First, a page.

So, yesterday this happened.
And while it’s not a tragic break and yes probably an easy fix, it was a simple reminder of why my Warby Parkers cost twice as much.
I bought these readers because I thought they were cute—I was looking for a fresh pair of light frames and couldn’t justify plunking another $99 for a new pair (I already have a black pair that work fine). When I spotted these for ONLY $45, OF COURSE I bought them. I mean, they’re super stylish and super cheap. Win, right? Within one month, the arm broke off as I pulled them off my face and the frames fell to the floor. I thought, ‘Ohhhh, this is why Warby.’
If there’s one truth in life it’s ‘you get what you pay for.’ This principle never fails in most purchases, from paper towels (Bounty, always!) to toothpaste to batteries, tools, shoes, licorice—anything. Going cheap is usually closely followed by regret.
When potential clients ask us why we charge what we charge for our work, I always say ‘We’re not the most expensive, but we’re not cheapest either.’ You will never hire us on price, because the cheapest isn’t the best. Ever. You hire us because you want a bespoke, quality product at a fair price. You hire us because we will deliver a high standard of stylish, professional video production effectively and competitively. You hire us because we understand preparation, storytelling and creativity are equally as important as production.
While Warby Parker isn’t by a stretch the most expensive glasses retailer, they certainly aren’t the cheapest either. So why do people pay more for Warby? Their promise is not to be the least expensive, but they do promise and deliver quality and style at a fair price. They care about the customer experience of trying, buying and wearing as much as the product themselves. You want to wear them and be a part of the experience.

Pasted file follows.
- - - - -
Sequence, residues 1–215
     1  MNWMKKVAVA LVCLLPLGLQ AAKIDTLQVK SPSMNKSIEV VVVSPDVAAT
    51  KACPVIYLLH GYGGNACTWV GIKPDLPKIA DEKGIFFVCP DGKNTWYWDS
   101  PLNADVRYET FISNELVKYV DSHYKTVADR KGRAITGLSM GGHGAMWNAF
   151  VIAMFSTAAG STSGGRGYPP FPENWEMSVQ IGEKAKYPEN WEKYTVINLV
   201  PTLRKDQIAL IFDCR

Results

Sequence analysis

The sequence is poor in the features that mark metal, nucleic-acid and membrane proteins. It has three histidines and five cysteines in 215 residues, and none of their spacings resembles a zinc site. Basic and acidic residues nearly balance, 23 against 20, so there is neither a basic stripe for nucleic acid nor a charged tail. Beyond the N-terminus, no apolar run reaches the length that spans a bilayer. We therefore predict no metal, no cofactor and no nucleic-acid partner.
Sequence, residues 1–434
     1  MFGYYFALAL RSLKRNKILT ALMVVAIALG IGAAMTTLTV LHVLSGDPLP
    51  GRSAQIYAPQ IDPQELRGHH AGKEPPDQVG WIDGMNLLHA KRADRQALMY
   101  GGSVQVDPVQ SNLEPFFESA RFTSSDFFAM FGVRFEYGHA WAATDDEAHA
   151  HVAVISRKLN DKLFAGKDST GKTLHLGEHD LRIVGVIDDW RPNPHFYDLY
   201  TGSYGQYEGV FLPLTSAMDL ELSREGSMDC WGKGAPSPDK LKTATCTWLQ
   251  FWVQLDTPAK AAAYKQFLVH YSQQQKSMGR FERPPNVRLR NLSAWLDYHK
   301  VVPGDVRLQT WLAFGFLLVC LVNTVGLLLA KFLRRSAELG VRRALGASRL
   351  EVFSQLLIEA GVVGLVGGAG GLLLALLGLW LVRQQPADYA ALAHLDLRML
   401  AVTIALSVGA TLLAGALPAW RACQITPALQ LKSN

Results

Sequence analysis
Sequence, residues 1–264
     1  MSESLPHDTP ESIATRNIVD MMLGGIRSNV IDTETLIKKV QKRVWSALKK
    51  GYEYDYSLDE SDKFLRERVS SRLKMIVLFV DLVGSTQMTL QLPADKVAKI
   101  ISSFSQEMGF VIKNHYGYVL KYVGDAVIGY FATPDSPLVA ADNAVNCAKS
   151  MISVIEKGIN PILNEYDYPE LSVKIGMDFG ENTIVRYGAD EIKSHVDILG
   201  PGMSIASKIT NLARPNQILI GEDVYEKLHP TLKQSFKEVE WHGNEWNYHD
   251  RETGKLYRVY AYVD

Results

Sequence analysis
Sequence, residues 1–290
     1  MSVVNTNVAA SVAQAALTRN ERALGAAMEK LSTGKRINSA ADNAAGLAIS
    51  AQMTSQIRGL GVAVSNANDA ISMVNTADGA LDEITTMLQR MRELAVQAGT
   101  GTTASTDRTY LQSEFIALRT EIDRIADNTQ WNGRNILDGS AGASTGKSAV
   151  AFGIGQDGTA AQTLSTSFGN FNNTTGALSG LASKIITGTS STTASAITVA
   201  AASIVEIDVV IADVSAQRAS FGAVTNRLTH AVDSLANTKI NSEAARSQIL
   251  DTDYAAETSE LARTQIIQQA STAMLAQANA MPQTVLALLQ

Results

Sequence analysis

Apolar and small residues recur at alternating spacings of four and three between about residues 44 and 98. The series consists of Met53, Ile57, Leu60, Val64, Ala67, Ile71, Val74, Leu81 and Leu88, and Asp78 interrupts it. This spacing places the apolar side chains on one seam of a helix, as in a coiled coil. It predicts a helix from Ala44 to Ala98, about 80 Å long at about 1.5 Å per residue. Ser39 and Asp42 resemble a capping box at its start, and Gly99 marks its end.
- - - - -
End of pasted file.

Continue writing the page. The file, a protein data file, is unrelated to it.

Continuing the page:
So, as this applies to video production, what exactly are the things you should pay more for and why? Why should you pay a little more for the experience of working with someone like Shine versus working with a cheaper vendor?
First, and I’m not being a snob here, we don’t like to think of ourselves as vendors but rather partners. As a partner, we work together with our clients to use our unique set of skills and process to work for their needs. The following are a list of criteria that everyone should consider when looking for a creative video partner. The first rule of thumb—choose wisely.
Quality. If you are looking to do something fast and cheap, quality will undoubtedly suffer. Not all video demands high quality, so it’s a good question to ask yourself–is this important to my project? Is it necessary to my brand’s image to have high quality video?
Experience. If you don’t care about your crew showing up to set with stainy t-shirts and an attitude to match, take ‘experience’ off your list of criteria. A young/green crew (or your 17 year old nephew with a camera) can bring a certain youthful energy to a project, but there’s the off chance you’ll get a team who have never worked in a business environment before and may be unaware of subtle ‘client-relation’ nuances. Making great brand videos and quality work requires experience. Gear aside— life experience is extremely important (and highly undervalued) in communication, organization and creative execution. It pays to work with people who know what’s up.
Creativity. Set up the camera, point, shoot, edit. Capture this. Capture that. Try to make a story out of it. That’s the basic job of a ‘videographer’. On the other hand, if you hire a ‘creative video team,’ it may cost a little bit more, but what you’ll get is a structured creative plan before the shoot. You’ll get a story with an arc, a protagonist, a conflict and a purpose. You’ll get a brand tie-in that’s subtle and effective because the story is good and worth watching.
Chemistry. Making a film/video—especially about people—can be an intimate and personal experience. The crew really needs to be on point with the talent, the client and the story. One loudmouth PA who rattles on about his days spent with Kevin Spacey on the set of House of Cards or a rude director with a giant ego and bad breath can spoil the experience for not just the client, but the crew and the end product. Be choosy with whom you invite in to capture your world, for you will be working very closely and for sometimes many hours with these people. You should like your crew enough to want to break bread and have a few drinks with them—because you probably will.